The key takeaways of this article are:

How to create a data app with Streamlit

To serve an ML model as Rest API with Fast API.

How to containerize applications using Docker.

And how to deploy the application on GKE.

So, this was all about it. I hope you found the article helpful. Follow me on Twitter for more things related to Development and Machine learning.

The media shown in this article is not owned by Analytics Vidhya and is used at the Author’s discretion. 


You're reading Build And Deploy An Ml App Using Streamlit, Docker And Gke

Text Analysis App Using Spacy, Streamlit, And Hugging Face Spaces

This article was published as a part of the Data Science Blogathon.


Text Classification

Text Extraction

Word Frequency



Word Sense Disambiguation


Text Classification aims to assign a predefined tag or category to the unstructured textual data. Some of the most important text classification tasks are sentiment analysis, topic modeling, language detection, and intent detection.

Text Extraction aims to extract a piece of data that is already present in the data. Some of the important text extraction tasks are keyword extraction, named entity recognition. These are useful in identifying relevant information.

Word Frequency aims to measure the most frequently occurring words in a given text using TF-IDF. We can use this to know the most frequent words that customers use while chatting with a customer support executive or even in the case of reviewing product reviews.

Collocation calculates the words that commonly co-occur with each other. Bi-grams and Tri-grams are the types of collocation that help us find the hidden semantic structure.

A concordance helps us to find the instances and context of words. Word Sense Disambiguation helps us to find the words that have more than one meaning. Clustering enables us to group texts with common attributes as a cluster. In this way, text analysis helps us to find the qualitative aspects of a given text.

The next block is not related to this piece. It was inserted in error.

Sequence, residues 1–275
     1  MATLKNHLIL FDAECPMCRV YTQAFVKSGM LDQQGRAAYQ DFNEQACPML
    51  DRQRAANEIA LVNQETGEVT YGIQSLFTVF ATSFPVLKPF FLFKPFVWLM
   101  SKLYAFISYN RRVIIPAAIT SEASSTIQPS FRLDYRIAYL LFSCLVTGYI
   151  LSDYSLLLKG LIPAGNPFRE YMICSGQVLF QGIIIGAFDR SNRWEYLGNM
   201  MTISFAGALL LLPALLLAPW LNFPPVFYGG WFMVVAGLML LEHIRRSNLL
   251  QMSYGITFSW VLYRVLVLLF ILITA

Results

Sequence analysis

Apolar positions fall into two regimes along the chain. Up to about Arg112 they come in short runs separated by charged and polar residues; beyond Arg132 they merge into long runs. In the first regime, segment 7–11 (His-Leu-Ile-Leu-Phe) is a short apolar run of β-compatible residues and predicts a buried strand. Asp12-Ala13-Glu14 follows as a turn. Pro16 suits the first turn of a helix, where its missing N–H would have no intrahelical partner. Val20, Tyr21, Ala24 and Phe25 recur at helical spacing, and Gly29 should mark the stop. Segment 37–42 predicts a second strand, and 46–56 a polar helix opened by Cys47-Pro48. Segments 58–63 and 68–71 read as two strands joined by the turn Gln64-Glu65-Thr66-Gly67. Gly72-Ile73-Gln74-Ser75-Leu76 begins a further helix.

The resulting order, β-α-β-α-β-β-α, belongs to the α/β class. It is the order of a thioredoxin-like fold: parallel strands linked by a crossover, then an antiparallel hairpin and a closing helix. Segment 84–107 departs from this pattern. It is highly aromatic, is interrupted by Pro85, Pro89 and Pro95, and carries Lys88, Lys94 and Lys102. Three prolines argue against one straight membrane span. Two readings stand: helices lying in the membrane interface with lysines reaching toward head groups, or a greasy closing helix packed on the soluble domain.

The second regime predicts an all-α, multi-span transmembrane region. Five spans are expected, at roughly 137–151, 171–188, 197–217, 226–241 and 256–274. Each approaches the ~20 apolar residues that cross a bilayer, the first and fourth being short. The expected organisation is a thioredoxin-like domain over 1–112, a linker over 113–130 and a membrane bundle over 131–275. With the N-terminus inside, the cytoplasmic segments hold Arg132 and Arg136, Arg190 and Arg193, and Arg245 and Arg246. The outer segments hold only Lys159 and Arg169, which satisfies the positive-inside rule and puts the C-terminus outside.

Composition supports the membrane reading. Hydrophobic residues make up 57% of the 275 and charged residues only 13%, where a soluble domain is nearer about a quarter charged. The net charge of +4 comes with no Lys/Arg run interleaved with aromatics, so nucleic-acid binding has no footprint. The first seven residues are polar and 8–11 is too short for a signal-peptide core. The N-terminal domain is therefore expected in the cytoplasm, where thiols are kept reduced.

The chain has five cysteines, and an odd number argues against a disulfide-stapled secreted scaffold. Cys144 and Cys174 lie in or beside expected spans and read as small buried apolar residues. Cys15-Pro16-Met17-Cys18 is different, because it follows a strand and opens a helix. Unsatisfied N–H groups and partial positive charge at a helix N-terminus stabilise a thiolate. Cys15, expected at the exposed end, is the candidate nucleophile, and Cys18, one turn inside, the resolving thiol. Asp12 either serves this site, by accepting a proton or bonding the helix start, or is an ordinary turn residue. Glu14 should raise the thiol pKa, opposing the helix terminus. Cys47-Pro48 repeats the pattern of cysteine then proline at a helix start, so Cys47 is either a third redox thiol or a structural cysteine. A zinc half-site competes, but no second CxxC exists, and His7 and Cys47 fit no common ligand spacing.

In this app, we use Text Classification and Text Extraction techniques to analyze the given sentence. More specifically we use Sentiment analysis, Named Entity Recognition, and Subjectivity. Subjectivity gives us the measure of to what extent a given sentence is opinionated.



Spacy TextBlob


Hugging Face Spaces

Building the application




Spacy is an open-source python library used for all kinds of Natural Language Processing(NLP) tasks and is widely used in the industry. It offers industry-grade scalable features and is very robust. In this app that we are going to build, we shall use the Named Entity Recognition(NER) of the Spacy library.

Spacy TextBlob

Spacy TextBlob is a component of the Spacy library that enables us to do sentiment analysis. We get sentiment aka polarity of the given sentence and also we get the subjectivity of the sentence. This uses the TextBlob library under the hood to get the results.



Streamlit is an open-source python library that is used to build web apps. This can be used to quickly build ML web apps, Data visualization dashboards. This library is easy to learn and anyone can quickly pick up their skills for building user interfaces for their ML apps. We shall use this library to build our web app.


Hugging face Spaces

Hugging face Spaces is a great way of deploying our machine learning web apps quickly. It offers to host an unlimited number of apps on its servers free of cost. In this project, we will host our app on hugging face spaces.


Building the Application

Firstly, we will install all the necessary libraries as follows –

pip install spacy pip install spacytextblob pip install streamlit

Next, we code our application as follows –

import streamlit as st import spacy from spacytextblob.spacytextblob import SpacyTextBlob st.set_page_config(layout='wide', initial_sidebar_state='expanded') st.title('Text Analysis using Spacy Textblob') st.markdown('Type a sentence in the below text box and choose the desired option in the adjacent menu.') side = st.sidebar.selectbox("Select an option below", ("Sentiment", "Subjectivity", "NER")) Text = st.text_input("Enter the sentence") @st.cache def sentiment(text): nlp = spacy.load('en_core_web_sm') nlp.add_pipe('spacytextblob') doc = nlp(text) if doc._.polarity<0: return "Negative" elif doc._.polarity==0: return "Neutral" else: return "Positive" @st.cache def subjectivity(text): nlp = spacy.load('en_core_web_sm') nlp.add_pipe('spacytextblob') doc = nlp(text) return "Highly Opinionated sentence" elif doc._.subjectivity < 0.5: return "Less Opinionated sentence" else: return "Neutral sentence" @st.cache def ner(sentence): nlp = spacy.load("en_core_web_sm") doc = nlp(sentence) ents = [(e.text, e.label_) for e in doc.ents] return ents def run(): if side == "Sentiment": st.write(sentiment(Text)) if side == "Subjectivity": st.write(subjectivity(Text)) if side == "NER": st.write(ner(Text)) if __name__ == '__main__': run()